4. SuperAgent SuperAgent is another promising agent. It can be written in different ways: callback, promise with then/catch, and promise with async/await.

Did you choose your favorite library? Let’s continue to the next part.

In this tutorial, I chose the Programming Quotes API and XMLHttpRequest. We can fetch some programming quotes from the API and display it to the user. Until loading, we can show a loader or a “loading” message.

Here’s the complete code of the first step. Check it out. I’ll explain all the steps in a moment.

A simple HTML div element where we render the React DOM.


Then, the React code.


(If you like to test it our first, here’s the JSFiddle Demo)

Let’s go step by step.

1. Setting up State


If you are a React dev, you must have used super(props). If you don’t know the reason, check out this blog post. However, the main focus of declaring the constructor is setting up the state variables. If you don’t have any other function to execute in the constructor, you can simply declare the state as property.

Ex:


Here we declare three states to save load status, error, and actual data. Usually, these are the only states needed for a component that fetches data and displays in itself. When the component tree grows, things can become complicated.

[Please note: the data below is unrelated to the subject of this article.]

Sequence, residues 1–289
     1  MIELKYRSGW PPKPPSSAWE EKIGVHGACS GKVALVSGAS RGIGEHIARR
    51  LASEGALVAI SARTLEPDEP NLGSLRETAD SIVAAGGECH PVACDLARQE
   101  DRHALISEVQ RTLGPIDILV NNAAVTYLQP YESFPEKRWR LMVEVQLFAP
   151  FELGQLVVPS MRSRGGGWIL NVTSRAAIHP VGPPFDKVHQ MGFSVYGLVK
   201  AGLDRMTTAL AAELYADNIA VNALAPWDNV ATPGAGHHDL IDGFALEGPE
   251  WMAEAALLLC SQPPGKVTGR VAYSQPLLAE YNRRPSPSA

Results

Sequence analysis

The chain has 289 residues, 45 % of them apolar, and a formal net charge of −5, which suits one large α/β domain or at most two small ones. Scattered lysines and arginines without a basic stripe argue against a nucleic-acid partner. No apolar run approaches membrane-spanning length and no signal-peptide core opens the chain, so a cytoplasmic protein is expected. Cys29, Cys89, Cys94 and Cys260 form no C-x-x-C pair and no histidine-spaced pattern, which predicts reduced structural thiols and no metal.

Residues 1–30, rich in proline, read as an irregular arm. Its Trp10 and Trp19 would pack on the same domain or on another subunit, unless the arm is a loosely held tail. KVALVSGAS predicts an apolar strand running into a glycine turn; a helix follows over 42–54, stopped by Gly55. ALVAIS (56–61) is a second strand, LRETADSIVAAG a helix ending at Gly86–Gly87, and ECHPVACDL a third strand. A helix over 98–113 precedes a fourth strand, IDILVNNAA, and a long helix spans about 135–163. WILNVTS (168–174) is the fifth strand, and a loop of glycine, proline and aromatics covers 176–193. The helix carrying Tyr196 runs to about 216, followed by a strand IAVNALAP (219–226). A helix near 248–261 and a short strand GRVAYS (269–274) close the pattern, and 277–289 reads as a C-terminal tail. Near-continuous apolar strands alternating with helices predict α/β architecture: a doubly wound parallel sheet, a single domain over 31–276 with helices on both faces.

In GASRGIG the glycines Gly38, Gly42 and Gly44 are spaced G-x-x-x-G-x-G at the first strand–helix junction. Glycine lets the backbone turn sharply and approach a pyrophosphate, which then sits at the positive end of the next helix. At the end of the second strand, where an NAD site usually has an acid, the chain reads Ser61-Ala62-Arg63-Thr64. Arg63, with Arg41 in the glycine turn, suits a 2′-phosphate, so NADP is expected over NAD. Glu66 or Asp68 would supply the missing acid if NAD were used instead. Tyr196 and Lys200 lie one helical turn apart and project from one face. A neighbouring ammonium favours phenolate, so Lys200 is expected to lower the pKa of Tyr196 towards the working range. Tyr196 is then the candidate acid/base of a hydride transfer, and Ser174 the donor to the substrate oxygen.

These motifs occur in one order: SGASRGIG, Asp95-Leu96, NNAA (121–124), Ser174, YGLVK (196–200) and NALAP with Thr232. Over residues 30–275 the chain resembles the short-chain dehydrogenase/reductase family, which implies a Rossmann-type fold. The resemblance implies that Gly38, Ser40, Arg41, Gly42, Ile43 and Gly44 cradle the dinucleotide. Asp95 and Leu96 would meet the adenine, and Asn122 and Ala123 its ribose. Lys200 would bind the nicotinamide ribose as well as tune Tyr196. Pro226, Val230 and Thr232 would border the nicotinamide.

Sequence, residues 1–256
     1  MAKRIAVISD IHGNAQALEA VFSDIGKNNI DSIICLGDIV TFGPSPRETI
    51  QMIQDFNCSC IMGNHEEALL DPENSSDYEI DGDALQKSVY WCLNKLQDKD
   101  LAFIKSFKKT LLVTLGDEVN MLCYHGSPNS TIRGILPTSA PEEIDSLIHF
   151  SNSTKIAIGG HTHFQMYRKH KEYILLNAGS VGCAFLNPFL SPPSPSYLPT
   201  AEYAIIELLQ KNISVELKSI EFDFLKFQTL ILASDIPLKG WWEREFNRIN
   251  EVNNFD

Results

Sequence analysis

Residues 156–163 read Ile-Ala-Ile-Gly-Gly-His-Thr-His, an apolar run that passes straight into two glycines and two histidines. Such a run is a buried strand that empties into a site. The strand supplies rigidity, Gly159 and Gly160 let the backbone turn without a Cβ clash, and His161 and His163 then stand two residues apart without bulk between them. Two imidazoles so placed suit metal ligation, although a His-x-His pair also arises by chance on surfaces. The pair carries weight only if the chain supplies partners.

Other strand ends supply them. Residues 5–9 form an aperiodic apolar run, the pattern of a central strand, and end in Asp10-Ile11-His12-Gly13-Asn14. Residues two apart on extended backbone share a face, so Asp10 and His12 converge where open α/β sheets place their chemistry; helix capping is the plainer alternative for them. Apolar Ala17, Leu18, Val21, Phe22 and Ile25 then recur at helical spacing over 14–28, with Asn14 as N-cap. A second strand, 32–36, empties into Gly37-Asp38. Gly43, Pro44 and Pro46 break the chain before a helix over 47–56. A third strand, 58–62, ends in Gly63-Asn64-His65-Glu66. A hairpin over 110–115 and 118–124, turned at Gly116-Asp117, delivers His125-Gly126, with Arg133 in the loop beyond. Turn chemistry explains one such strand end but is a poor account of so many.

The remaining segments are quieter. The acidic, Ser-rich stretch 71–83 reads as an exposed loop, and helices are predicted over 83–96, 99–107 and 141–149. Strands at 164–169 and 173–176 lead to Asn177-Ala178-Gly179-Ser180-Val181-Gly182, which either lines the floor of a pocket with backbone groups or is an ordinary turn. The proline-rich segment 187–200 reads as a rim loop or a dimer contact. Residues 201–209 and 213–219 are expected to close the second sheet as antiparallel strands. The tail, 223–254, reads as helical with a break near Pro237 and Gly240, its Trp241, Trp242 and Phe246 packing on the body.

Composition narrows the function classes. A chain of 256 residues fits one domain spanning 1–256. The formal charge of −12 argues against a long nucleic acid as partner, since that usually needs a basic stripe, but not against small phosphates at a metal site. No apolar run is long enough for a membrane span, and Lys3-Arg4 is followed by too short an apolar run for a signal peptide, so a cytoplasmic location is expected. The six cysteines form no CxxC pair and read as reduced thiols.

In non-react apps, we fetch from APIs on event handlers such as onload, onclick, etc. Nevertheless, React is about components and component trees. Also, as react doesn’t have external states like Redux, we have to rely on local states.

2. Fetching Data

Remember the name componentDidMount.

It is where all this happens.

componentDidMount() method runs after the component has been rendered to the DOM.

it is the best place to fetch data!


In this method, we initiate the AJAX request using XMLHttpRequest. We use the GET method and https://programming-quotes-api.herokuapp.com/quotes/page/1 as the endpoint which returns a JSON output of first page quotes.

readystatechange handler is called when the readyState of the request changes. readyState 4 means the request is completed. Normally, servers set the http response code to 200 when the request is successful (Thankfully, our API does it too). So, if xhr.status is 200, we know that the request is successful. Next, we parse the response to JSON and update the state.